Take, for instance, the transportation industry. Pollution is a major concern when it comes to vehicles. It’s estimated that the trucking industry alone burns over 800 million gallons of fuel each year just from idling. This major environmental concern has enabled car companies around the globe to focus on hybrid and electric vehicles in the name of environmental value propositions that are aimed at reducing pollution.
Another good example is the paper industry. While paper is generally considered an easy commodity to recycle, the common practice of shredding documents actually makes paper unrecyclable by traditional standards.
To provide an environmental value proposition aimed at boosting their services over the competition, companies like Shred Nations have taken great pains to bail their professionally shredded documents in a manner that makes the waste manageable for recycling plants. This allows them to boost their own existing service without the need to change the service itself. Instead, they simply coupled it with an environmental message that added indirect value to the consumer.
Environmental value propositions can even be implemented with intra-company behavior. Utilizing online innovation management systems, in order to increase sustainability, for instance, may seem like something focused on boosting productivity and efficiency within a company.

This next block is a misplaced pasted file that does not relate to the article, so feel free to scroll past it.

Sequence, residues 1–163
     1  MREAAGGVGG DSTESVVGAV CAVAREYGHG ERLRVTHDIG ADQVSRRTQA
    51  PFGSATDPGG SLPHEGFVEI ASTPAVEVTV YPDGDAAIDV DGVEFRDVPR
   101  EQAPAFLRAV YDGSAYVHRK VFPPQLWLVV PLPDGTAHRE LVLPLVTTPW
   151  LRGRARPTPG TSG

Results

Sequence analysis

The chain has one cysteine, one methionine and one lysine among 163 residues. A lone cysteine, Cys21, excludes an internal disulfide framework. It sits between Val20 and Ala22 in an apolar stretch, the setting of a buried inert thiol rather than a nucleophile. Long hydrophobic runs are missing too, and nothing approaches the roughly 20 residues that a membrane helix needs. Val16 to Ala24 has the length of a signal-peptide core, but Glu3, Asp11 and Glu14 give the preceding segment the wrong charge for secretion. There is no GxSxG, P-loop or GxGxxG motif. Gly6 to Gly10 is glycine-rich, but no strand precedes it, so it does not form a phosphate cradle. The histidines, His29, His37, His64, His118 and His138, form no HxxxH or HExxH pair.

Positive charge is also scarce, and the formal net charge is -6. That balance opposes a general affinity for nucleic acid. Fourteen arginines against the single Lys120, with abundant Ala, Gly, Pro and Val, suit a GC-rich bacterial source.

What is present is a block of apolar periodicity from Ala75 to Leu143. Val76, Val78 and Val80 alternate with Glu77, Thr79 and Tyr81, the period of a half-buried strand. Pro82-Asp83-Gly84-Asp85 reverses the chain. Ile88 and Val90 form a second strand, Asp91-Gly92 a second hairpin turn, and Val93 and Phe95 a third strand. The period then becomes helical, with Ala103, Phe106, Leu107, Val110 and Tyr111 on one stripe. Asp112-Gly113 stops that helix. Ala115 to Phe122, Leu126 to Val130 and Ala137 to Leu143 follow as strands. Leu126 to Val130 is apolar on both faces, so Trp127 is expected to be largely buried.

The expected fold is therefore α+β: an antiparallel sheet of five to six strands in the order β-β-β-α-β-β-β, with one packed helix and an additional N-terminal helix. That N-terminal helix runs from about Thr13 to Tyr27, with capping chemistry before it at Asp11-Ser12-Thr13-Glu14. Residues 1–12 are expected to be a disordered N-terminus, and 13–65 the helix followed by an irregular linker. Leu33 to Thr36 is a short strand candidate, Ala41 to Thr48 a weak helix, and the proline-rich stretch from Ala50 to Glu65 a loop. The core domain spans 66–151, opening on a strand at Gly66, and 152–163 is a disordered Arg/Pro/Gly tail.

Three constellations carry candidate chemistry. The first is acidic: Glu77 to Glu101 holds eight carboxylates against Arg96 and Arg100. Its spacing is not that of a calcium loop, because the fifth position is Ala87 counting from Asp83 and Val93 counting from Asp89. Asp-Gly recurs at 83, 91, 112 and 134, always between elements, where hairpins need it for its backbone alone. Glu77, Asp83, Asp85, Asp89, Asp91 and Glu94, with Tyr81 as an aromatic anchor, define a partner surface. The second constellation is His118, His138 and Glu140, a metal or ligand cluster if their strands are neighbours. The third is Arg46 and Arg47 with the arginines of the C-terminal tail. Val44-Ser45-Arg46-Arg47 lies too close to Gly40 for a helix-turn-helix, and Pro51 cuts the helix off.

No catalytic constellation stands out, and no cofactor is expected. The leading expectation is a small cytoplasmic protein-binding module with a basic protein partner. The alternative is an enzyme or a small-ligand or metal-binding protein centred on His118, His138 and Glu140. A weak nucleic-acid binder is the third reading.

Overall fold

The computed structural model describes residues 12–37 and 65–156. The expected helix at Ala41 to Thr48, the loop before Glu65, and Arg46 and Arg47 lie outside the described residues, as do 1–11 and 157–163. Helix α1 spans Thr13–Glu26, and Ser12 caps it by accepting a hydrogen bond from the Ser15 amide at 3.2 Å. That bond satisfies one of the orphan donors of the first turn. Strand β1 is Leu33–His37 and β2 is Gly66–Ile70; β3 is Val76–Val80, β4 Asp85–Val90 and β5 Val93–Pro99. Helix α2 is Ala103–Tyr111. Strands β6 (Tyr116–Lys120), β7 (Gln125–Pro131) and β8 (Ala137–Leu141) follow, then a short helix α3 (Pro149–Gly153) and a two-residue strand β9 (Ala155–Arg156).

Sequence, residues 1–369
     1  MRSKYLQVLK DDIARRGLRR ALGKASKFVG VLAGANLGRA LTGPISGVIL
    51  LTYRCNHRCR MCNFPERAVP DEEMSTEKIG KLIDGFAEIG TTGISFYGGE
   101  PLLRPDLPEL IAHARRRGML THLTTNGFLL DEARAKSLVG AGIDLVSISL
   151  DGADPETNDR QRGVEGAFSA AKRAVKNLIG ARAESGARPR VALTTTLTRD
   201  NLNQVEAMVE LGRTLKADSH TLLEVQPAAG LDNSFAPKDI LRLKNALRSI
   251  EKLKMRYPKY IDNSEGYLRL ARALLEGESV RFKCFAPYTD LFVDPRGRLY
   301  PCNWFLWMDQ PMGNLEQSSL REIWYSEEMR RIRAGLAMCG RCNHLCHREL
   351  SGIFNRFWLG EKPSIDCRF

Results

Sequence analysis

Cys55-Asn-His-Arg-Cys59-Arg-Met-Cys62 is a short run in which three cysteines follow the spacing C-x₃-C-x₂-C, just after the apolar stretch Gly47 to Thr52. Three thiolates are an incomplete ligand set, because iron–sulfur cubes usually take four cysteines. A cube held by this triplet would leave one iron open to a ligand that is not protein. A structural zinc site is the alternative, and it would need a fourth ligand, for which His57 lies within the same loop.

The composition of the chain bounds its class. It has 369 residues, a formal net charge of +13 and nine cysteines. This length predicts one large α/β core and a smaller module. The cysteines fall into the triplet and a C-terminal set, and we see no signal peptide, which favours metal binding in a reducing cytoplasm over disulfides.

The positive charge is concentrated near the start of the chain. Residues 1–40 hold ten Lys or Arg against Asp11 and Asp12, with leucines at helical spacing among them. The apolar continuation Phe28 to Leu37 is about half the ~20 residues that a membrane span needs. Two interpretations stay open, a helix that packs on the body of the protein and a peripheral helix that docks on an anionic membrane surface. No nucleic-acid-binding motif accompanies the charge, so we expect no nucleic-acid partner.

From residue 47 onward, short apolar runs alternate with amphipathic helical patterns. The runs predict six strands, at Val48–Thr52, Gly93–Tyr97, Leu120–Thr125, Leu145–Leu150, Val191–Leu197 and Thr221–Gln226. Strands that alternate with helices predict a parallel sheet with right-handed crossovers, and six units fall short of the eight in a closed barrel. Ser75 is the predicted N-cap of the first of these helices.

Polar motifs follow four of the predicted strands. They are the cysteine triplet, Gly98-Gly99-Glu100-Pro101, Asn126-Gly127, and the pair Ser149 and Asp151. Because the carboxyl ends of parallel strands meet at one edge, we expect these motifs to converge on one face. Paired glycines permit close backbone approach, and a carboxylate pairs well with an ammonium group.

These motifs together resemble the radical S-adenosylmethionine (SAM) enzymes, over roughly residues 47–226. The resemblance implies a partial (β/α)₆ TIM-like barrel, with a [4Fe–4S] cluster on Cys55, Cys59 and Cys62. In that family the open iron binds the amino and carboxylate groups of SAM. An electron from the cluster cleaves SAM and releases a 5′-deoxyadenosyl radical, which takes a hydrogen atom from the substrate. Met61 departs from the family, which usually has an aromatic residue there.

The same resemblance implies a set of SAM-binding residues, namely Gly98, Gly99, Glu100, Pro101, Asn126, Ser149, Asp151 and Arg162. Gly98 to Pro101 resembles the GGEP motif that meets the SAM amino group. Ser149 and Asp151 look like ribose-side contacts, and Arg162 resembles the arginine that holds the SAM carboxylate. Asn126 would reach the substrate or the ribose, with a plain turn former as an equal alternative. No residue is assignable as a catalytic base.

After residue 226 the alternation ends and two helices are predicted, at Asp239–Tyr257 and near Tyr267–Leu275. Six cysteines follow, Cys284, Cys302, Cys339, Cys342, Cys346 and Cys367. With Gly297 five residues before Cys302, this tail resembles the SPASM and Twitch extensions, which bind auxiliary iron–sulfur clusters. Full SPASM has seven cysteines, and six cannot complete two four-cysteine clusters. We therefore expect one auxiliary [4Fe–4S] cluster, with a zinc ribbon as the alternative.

However, it can also be utilized as a value proposition worth championing. The message that even within your own company’s internal systems you take great care to operate sustainably can speak volumes to a potential customer or client that is deciding between you and a competitor.
In addition to the customers, focusing your company’s efforts on environmental value propositions can even encourage your own team to remain invested in their work. Sustained innovation can be accomplished through instilling a sense of ownership to your employees, and the knowledge that an employee is working for a company that cares about the environment within which it exists can have a tremendous impact on both loyalty and innovation over the long-term.
Increased ROI for Consumers is Increased ROI for Your Company
At the end of the day, finding consumer-conscious environmental value propositions for your brand can have a significant impact on your bottom line. A recent year-long Nielson study found that over the course of their research:
- Demand for sustainable coffee grew by 11%
- Demand for sustainable personal care products grew by 13%
- Demand for sustainable chocolate grew by 2%
All of that took place in a single year. The study also found that the companies that capitalized on this message of sustainability were generally in an ideal position to outperform and outlast rivals within their industry.
In summary, creating environmentally considerate value propositions for your industry can be a key component to providing an increased return on investment for your consumers, which can simultaneously boost your own bottom line.
While environmentally conscious business practices may have been eschewed in the past for their costs and complexities, we have officially come to the point in the pendulum swing where that environmental focus may be the deciding factor that allows your company to succeed over the long-term.